While across Europe as a whole, between one in 300 to 400 have the offending DNA, the figure jumps to a huge one in 83 in Ireland – with a horrendous one in five people being carriers. So when folk say to you ‘it’s all in the genes’, all you can do is hope to God that, in this case at least, it simply isn’t.

Britishness, leisure, tourism

What does “Britishness” really mean?

Eight months or so after returning to the UK following my two-year-long South African adventure, I decided to give myself a birthday treat and go back to blogging.

I’ve missed it. There’s something about putting your thoughts down on paper that makes you look at the world through slightly different, more observational, and perhaps rather more emblematic eyes. And, as I’m now back to being a freelance journalist full-time, I do find it eminently satisfying to write about the things that fascinate and amuse me rather than the things that pay the bills.

So what better topic to light upon than that of life in the UK in all its mundanity, its drollery and its singularity? Having been born and brought up in these Hallowed Isles, I am, of course, far from being the dispassionate observer of society, culture and everyday experiences that I was in South Africa. How could I be when I’m imbued with it all to the core?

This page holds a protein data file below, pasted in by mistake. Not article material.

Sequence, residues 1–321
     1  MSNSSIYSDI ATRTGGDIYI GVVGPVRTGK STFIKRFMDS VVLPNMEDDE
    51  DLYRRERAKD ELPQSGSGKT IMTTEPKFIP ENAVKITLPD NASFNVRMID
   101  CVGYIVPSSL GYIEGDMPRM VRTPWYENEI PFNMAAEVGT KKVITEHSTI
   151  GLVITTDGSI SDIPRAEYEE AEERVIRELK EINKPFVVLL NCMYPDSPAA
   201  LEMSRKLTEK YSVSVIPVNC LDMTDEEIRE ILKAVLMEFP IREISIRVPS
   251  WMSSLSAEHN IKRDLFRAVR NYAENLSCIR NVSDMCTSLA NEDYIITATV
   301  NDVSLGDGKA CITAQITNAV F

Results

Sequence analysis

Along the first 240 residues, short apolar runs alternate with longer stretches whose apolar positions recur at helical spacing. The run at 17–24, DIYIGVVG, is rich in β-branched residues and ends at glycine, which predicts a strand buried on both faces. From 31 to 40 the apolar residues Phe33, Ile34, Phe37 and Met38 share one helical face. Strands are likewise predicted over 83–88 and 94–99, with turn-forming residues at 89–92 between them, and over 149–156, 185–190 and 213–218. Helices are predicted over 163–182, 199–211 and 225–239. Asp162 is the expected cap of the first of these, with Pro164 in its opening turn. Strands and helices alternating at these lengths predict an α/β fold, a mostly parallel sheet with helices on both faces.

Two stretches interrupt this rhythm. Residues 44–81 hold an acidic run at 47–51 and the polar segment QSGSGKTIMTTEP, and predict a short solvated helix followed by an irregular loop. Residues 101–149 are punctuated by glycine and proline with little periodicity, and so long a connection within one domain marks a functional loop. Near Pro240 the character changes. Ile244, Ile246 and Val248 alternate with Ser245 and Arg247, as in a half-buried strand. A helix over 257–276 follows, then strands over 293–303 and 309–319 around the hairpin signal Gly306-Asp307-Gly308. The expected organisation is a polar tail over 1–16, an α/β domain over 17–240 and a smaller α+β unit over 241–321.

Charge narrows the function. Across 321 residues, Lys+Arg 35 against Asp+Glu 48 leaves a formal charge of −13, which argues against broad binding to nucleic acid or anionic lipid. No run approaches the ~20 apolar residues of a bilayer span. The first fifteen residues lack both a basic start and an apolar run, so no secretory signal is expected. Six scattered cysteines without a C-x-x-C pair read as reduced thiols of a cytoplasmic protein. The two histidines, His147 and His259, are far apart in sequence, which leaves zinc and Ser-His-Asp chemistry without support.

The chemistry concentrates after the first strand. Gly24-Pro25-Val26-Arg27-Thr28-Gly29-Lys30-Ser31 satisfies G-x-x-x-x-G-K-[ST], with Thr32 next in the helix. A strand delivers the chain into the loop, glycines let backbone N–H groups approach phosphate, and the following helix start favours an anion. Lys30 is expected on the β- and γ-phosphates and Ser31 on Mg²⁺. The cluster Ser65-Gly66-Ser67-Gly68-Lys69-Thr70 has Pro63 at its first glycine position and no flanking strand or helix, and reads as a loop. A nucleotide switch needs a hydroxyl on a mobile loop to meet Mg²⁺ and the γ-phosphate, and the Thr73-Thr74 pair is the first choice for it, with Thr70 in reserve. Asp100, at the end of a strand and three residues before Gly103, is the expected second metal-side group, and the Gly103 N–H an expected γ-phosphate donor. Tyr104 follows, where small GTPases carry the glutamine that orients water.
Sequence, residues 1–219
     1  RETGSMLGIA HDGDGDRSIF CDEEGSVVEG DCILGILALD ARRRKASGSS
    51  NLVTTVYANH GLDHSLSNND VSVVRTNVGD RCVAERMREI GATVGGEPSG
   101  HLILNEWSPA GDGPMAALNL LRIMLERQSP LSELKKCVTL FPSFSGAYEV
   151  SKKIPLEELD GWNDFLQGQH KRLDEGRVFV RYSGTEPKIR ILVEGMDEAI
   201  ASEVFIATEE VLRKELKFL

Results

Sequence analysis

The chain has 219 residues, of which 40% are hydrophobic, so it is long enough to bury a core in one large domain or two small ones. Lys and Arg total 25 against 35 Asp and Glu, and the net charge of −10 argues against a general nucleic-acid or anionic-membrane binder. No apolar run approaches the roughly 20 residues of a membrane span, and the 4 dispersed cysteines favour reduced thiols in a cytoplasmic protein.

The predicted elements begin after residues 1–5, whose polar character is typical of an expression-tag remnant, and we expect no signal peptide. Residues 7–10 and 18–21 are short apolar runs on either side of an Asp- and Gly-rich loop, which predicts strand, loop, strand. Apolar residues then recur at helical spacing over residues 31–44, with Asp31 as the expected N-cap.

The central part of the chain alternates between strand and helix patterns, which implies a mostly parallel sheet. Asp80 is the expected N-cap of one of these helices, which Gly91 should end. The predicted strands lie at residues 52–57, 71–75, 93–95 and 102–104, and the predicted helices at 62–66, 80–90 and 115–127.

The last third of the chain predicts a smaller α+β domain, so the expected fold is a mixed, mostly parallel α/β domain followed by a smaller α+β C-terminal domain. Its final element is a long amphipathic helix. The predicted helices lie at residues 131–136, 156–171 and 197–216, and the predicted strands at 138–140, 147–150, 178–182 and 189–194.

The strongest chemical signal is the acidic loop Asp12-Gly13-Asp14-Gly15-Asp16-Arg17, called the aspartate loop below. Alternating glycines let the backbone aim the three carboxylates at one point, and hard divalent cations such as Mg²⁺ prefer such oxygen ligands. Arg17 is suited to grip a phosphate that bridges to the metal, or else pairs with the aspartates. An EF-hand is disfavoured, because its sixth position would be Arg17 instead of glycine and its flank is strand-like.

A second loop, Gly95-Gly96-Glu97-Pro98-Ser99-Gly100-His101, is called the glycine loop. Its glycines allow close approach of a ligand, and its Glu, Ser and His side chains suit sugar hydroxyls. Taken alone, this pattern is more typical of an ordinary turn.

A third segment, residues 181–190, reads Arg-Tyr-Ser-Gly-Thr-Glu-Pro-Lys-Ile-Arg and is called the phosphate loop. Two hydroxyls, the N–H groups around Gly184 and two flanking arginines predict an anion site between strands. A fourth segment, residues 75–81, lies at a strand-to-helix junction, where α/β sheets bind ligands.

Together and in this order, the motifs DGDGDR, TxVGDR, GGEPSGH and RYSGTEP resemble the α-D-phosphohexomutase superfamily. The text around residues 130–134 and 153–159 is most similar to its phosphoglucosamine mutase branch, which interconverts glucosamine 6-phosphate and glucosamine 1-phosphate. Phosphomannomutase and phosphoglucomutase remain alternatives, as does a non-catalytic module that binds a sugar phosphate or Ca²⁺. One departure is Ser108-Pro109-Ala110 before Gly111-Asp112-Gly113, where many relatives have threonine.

But there are many ways to skin a cat, as the rather gruesome proverb goes. So my aim is to portray life here, for good or bad, through the prism of my own experiences for anyone who may be interested.

And what better place to start such a venture than with the vexed idea of “Britishness” and what it actually means. It’s an issue that people appear to have been wrestling with since the identity crisis brought on by the collapse of that doubled-edge sword, “the Great British Empire”, and the upheaval provoked by the Second World War – and with no satisfactory outcome to date.

Sure, lots of tired, old clichés still abound regarding our collective stiff-upper lip, our notions of fair play and our propensity to drink lots of tea. But that would scarcely seem enough to sum up a nation.

So it struck me as interesting when a friend of mine who’s into astrology informed me there’s a certain branch of the discipline that relates to countries. While astrology may not be everyone’s cup of tea, bear with me as the insights afforded are quite interesting – whether you hold any store by the influence of heavenly bodies or not.

Astrological_signs_by_J._D._Mylius

Apparently how it works is that, when drawing up a star chart, you plump for an historic date that could be seen as the birth of the nation. A common one for us Brits apparently is the coronation of William I in Westminster Abbey in London at noon on 25 December, 1066, following the Norman invasion.

Collective nature

This would mean that the UK has a Capricorn sun sign, with an Aries ascendant, the sun sign being the essence of who you are and the ascendant being how you present to other people.

Aries, so it’s said, is ruled by Mars, the planet of action, which means that people – or countries, for that matter – influenced by this sign tend to have a rather pioneering nature. They are also natural leaders, but can, on the downside, be aggressive, competitive and warlike. And they strive to be first in everything, sometimes to the point of ignoring the rights and feelings of others.

Sound familiar? Certainly notions of Empire would fit very nicely into many of the categories above, I’d have said, as would various ground-breaking events such as our creation of the first Parliament as well as sparking off the Industrial Revolution.